Recipes for Your Thanksgiving Table

Here are the recipes behind our Thanksgiving dinner, plus some bonus tips for your own holiday dinner.

Many holidays revolve around food, but none so much as Thanksgiving.

Our first Thanksgiving as a married couple away from home was a disaster! We invited some close friends and I set about cooking my very first turkey, which was way too pink inside when we carved my "masterpiece." I was so embarrassed! 

Ok, that's all I'll say about that. I'd prefer to forget the whole thing.

If you need tips on roasting your first turkey, here's a link to the Butterball hotline. I wish I'd known about it back then!

I'm a better cook now, but I should be because I've had 40+ years to learn and practice - and I've had some good teachers along the way. (You can read a little more about my cooking journey and one of my mentors in this post.)

Organizing the Thanksgiving menu

Organizing that big meal was a challenge for me though - I only did it once a year, you know. So I made a list of the dishes I cook each time and where I could find the recipes. 

Since then I've tweaked the recipes quite a bit and have typed them up so I can keep them with the menu in my loose-leaf cookbook. It's a lot handier than flipping through all those different cookbooks.

Then I typed up a shopping list for each recipe and added that to my loose-leaf cookbook too. I was tired of forgetting the cornstarch and evaporated milk!

Our Thanksgiving menu is a mix of old family favorites and new traditions. 

While no two families' holiday meals will look exactly the same, if you're looking for a new recipe or some practical tips on holiday cooking, you're in the right place.

The Thanksgiving turkey

When the turkey is cooked to perfection (yes, I can do that now!) and we've all eaten our fill, I pull all the meat off the bones and refrigerate it for sandwiches and other dishes.

After a couple of days any meat remaining is pressure-canned in Mason jars for future quick-to-make meals.

You can read how to do that in this post about pressure-canning chicken stock (it's the same process, even though it's turkey instead of chicken).

What to do with your turkey carcass.

Don't throw out the turkey carcass! Save those bones and the skin and wing tips to make the most delicious turkey stock ever. (According to Food Network, stock is made with bones while broth is made from meat, so technically I made stock, even though the terms are used almost interchangeably.)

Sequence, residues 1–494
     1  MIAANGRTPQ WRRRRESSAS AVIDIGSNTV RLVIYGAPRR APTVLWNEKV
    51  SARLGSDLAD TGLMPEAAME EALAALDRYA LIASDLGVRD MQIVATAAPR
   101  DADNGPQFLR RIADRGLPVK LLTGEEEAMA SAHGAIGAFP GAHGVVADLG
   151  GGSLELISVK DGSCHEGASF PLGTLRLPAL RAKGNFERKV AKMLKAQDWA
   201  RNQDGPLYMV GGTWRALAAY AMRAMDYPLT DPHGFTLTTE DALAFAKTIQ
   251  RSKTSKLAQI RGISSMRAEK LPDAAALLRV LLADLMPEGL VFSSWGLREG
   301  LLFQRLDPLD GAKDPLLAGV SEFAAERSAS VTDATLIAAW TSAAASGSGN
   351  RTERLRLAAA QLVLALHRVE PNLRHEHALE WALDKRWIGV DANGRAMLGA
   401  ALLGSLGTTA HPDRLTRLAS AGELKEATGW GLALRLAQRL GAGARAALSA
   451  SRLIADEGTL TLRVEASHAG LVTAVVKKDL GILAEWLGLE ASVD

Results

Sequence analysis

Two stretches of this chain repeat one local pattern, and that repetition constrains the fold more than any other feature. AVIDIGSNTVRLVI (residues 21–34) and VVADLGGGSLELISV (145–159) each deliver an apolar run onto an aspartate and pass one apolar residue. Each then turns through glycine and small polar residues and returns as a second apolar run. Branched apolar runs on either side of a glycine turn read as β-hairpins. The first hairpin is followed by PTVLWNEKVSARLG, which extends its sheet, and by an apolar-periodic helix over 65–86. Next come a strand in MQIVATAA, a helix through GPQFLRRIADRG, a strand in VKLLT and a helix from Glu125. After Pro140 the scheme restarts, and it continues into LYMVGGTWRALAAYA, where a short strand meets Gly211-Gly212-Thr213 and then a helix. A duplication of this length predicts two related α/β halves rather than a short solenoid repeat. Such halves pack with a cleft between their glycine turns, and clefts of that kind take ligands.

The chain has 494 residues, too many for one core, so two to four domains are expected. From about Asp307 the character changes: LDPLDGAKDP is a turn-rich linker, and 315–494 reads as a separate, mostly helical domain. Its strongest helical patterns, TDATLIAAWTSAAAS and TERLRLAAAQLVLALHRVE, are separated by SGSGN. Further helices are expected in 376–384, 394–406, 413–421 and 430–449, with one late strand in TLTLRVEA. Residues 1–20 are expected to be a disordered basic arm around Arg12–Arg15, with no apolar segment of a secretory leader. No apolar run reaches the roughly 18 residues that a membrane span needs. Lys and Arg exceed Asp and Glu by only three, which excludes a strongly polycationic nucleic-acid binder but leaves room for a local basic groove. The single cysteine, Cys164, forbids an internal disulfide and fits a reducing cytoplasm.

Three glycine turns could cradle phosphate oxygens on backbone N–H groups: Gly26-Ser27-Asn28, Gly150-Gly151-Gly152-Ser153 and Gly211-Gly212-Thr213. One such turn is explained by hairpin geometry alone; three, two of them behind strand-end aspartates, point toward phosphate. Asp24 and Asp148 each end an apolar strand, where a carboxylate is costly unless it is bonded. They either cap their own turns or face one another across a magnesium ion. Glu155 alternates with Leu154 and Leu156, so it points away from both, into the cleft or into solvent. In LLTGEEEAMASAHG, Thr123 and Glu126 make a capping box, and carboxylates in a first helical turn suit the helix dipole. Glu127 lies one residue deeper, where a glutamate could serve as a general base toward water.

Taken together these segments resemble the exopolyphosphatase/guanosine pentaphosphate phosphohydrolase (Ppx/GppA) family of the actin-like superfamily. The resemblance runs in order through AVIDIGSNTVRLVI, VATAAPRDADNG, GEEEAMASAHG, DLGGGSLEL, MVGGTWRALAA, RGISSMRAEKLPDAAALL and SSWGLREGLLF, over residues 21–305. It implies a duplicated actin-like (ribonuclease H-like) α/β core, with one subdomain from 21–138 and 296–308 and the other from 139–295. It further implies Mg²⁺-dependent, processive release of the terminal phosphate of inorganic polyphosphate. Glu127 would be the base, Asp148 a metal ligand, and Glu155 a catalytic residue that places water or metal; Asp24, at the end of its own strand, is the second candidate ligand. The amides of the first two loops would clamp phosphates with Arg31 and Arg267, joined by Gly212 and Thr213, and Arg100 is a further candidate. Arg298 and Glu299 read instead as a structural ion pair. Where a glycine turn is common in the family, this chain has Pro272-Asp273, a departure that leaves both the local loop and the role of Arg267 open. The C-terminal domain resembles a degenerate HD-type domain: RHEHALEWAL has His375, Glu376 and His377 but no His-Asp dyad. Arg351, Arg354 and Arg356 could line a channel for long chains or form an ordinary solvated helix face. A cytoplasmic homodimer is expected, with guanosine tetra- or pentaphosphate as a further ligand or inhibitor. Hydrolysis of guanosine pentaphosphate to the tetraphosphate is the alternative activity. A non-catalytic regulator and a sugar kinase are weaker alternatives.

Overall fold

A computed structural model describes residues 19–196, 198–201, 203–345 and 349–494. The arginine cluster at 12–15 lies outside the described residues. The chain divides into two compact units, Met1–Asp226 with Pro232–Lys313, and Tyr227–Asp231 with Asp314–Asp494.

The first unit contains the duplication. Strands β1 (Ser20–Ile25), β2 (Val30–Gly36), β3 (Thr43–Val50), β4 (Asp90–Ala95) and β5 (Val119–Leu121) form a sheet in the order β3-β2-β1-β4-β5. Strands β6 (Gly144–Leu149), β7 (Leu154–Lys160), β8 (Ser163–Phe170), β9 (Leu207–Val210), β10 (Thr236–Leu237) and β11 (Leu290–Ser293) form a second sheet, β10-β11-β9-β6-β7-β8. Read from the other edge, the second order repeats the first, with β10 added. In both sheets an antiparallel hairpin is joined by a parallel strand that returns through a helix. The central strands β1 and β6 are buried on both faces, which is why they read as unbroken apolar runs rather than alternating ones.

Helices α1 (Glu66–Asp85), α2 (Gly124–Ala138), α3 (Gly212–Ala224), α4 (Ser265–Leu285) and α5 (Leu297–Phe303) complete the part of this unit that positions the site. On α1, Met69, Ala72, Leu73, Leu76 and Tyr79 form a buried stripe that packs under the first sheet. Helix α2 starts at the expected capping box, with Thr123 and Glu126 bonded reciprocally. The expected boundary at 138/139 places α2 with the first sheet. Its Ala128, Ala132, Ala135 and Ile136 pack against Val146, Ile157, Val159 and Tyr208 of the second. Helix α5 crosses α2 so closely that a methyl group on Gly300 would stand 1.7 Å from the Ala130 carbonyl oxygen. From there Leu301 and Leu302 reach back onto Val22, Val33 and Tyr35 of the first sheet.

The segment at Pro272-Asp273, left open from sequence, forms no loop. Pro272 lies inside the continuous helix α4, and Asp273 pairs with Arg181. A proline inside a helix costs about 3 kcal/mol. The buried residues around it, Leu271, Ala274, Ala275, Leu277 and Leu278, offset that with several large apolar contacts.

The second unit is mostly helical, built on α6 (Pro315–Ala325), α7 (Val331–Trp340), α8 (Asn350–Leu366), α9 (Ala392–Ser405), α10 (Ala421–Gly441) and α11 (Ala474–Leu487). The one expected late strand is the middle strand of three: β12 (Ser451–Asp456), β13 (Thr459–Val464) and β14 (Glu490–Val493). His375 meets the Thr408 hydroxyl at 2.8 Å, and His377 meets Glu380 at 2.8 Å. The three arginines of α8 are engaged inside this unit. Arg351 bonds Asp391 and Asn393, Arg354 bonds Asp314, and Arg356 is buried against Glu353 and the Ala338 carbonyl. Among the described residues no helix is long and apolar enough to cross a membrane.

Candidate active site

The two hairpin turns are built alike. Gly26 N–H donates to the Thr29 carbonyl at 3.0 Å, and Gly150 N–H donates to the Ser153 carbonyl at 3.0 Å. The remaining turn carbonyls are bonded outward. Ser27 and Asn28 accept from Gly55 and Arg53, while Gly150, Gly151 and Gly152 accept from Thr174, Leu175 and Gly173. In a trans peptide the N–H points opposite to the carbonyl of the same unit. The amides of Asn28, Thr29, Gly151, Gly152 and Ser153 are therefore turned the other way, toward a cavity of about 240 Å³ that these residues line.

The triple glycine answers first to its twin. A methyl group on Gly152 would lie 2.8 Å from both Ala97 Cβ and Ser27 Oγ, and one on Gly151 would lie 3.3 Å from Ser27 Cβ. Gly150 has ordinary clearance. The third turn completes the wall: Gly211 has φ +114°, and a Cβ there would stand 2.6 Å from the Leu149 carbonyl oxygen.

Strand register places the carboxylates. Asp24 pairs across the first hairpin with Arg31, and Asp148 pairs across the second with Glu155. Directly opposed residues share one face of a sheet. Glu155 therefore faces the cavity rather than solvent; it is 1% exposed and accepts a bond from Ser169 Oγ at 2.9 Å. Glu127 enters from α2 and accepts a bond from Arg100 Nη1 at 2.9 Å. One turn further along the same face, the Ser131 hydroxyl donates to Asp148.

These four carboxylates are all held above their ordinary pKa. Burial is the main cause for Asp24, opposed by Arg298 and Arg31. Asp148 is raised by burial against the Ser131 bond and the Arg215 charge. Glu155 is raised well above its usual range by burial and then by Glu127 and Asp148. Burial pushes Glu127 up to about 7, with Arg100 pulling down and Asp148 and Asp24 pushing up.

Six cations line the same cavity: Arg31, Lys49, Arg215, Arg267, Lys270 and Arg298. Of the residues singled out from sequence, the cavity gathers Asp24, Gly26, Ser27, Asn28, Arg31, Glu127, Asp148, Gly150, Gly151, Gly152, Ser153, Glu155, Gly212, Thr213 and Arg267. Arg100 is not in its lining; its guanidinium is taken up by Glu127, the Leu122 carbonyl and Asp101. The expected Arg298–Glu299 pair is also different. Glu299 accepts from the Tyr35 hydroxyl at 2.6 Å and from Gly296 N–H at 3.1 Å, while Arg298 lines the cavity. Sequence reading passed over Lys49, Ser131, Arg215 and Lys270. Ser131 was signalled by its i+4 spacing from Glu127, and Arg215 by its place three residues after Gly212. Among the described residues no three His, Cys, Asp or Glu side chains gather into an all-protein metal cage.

Freeze the stock in 2-cup or 1-quart quantities so you can use it to make soup and add to other dishes instead of chicken broth, or pressure-can the broth.

What to do with your holiday ham bone to stretch your food budget.

Holiday ham

We usually have turkey for Thanksgiving but if you are a ham-loving family, here's how to save that ham bone and use it for the most delicious bean soup: What to do with Your Christmas Ham Bone.

Make stuffing in your slow-cooker and have room in your oven for the pies!

Side dishes

I love stuffing that's cooked inside the turkey, but that practice isn't recommended anymore. When I've made it separately in a pan in the oven it's too dry and hard for my liking.

Now I make it in my slow-cooker instead for a moist delicious stuffing that's as good as if it were cooked inside the turkey. Making stuffing in the Crockpot also means you'll have more room in the oven for the holiday pies.

My grandma's recipe for delicious sweet and sour beets. If you're not a beet-lover, you will be after trying this dish!

My grandma made the best sweet and sour beets (she called them Harvard beets) whenever we ate Sunday dinner at her house. Years later she told me that they were the only vegetable I'd eat at her house, so she made them every time we visited. 

The sauce has a velvety texture and is the perfect mix of sweet and tart, not to mention the gorgeous deep red color. 

We always have homemade rolls or bread on our Thanksgiving table.

We round out our holiday meal with candied sweet potatoes, mashed potatoes, turkey gravy, homemade rolls or bread, green salad and my mother's simple but yummy fruit salad made with apples, oranges and bananas.

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Thanksgiving desserts

Then of course, it's time for dessert.

My favorite pie is cherry. Before moving to Oak Hill our neighbors had cherry trees and always invited us to pick cherries when they were ripe, so back then I made our cherry pies from scratch.

I sure miss those trees! We even planted a pair of sour cherry trees when we first moved to Oak Hill but they didn't survive. But I won't do without my cherry pie, even if it means I have to buy canned filling.

How to make pie crust, and make a pumpkin pie without evaporated milk.

We also have pumpkin pies on the table. Each year I snag some cheap pumpkins on November 1st and turn them into pumpkin puree that goes into the freezer.

Here's how to make a pumpkin pie without evaporated milk. (Remember I said I kept forgetting to buy evaporated milk? Well, one year I didn't have any, the stores were all closed and I had to figure out how to get around that.)

The easy way to make pie crust from scratch.

Do you need some tips for making pie crust? It isn't hard using this method. And while you're making pie crusts for your fruit pies, why not make two more for the turkey pot pie you can make with leftovers on Friday?

Grandma always made her "special chocolate pudding" for me when I was a child too. Years later I found out her pudding came from a box. But it was made with love, right?

What are you planning to have on your holiday table this year?

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Recipes for your Thanksgiving table

You might enjoy these recipes too:
My Mother's Pumpkin Bread Recipe - it's world-famous (sort of)

This post has been shared at some of my favorite blog hops.


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